What is Thru Hiking and How Do You Do It?
A thru-hike is walking a long-distance hiking trail from start to finish without leaving it for any extended period. If you complete the entire trail within 12 months, your endeavor will qualify as a thru-hike. An example is the Pacific Crest National Scenic Trail, which covers an elevation gain of almost 500,000 feet over 2,650 scenic miles from the Mexican border to the Canadian border through California, Oregon and Washington.
How do you prepare for a thru-hike?
Going on many backpacking trips before a thru-hike is essential. Furthermore, it might be a good idea to do a first-aid course and stock up on your medical kit. Potential problems include anything from blisters to altitude sickness, Lyme disease and more.
What are the financial challenges of a thru-hike?
The most significant financial challenge involves the absence of a paycheck for six to 12 months. Additional expenses include the cost of the thru-hike, your food and the necessary gear.
What should be considered when preparing an itinerary?
The following are some ideas of matters to consider when you draft your itinerary:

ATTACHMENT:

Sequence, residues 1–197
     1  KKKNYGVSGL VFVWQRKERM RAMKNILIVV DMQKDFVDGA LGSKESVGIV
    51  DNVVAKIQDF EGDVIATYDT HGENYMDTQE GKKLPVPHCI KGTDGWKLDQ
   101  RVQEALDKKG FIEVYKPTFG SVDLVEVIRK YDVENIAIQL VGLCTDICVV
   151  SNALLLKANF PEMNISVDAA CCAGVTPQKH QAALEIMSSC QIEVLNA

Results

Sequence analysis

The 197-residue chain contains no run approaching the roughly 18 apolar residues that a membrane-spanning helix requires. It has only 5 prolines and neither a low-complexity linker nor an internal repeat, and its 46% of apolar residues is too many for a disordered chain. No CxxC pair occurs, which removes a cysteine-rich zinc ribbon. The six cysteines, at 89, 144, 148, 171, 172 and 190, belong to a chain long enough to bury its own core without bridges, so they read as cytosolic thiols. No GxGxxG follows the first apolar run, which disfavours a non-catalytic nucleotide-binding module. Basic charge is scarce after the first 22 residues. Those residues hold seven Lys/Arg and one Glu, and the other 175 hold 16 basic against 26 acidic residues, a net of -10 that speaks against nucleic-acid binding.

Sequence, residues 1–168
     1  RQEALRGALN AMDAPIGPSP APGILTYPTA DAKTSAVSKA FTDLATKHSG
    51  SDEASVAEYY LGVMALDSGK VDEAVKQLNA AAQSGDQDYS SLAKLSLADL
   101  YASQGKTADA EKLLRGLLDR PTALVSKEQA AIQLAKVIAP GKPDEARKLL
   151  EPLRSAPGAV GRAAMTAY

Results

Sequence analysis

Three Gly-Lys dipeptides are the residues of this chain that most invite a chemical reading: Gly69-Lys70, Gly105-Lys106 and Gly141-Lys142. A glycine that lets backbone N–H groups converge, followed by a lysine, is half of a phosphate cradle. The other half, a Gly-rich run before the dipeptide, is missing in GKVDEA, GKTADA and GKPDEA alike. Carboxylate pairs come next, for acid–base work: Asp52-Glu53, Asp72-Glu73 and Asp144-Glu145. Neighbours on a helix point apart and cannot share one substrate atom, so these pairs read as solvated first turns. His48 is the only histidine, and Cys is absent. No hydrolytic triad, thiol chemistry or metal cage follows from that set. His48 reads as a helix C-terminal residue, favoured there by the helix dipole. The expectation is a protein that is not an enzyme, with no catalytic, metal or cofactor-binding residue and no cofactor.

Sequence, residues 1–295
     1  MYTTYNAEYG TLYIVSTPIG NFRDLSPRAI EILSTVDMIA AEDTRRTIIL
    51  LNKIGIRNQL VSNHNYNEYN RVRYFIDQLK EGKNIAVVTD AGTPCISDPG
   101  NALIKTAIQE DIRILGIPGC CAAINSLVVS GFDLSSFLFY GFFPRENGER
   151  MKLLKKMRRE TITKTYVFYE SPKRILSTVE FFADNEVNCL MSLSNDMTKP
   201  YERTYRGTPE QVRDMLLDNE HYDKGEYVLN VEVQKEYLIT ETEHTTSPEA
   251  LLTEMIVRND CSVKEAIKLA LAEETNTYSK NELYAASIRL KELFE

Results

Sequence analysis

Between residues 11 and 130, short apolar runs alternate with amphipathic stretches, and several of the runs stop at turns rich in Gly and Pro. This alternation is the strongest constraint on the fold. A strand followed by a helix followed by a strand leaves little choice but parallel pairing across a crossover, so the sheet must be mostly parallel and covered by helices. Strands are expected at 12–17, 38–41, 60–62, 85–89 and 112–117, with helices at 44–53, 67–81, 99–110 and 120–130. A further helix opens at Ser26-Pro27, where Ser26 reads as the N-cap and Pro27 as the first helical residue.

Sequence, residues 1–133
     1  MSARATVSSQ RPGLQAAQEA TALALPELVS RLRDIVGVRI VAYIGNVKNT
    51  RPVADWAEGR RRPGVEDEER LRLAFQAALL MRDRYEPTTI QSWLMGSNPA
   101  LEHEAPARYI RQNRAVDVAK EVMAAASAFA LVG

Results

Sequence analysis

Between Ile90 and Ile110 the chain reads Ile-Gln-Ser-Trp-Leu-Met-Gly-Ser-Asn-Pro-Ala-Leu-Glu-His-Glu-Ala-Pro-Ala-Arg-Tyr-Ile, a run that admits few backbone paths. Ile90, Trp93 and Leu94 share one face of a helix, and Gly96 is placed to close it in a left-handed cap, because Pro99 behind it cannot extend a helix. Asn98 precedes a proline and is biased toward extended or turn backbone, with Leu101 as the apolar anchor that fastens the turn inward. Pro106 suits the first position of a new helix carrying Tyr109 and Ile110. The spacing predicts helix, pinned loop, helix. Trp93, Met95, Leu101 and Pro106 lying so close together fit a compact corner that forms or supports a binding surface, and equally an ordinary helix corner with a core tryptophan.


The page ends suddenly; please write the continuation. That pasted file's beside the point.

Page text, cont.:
- Plan your start and finish: Consider the season and weather when deciding where and when you would start and finish.
- Obtain permits: Find out what permits you need and apply for them in advance.
- Project mileage: Plan your average daily mileage and project the date you will finish.
- Plan resupply stops: Opportunities to stock up provisions will be few, so plan the where and when with care.
- Consider contingencies: Plan for unanticipated events like trail closures, severe weather, injuries, etc.
- Food and nutrition planning: This challenge needs balancing calories, flavor and convenience to maintain nutrition and weight.
- Water supply and safety: Water availability may be limited in certain areas, and what is available might be contaminated, needing treatment before you can drink it.
What should you consider when choosing gear?
Gear for a thru-hike will differ from your usual backpacking needs. You would want your gear to be lightweight; however, it must be robust enough to withstand wear and tear. Also consider how the seasons and altitudes will affect your gear choices.
Footwear — A catch-22 situation
You could expect to need several pairs of footwear. Will you carry extra hiking boots or trail runners with you, or replace them on the way? You might be very far from providers of good quality footwear when you need them. On the other hand, how much will extra footwear add to the poundage of your load?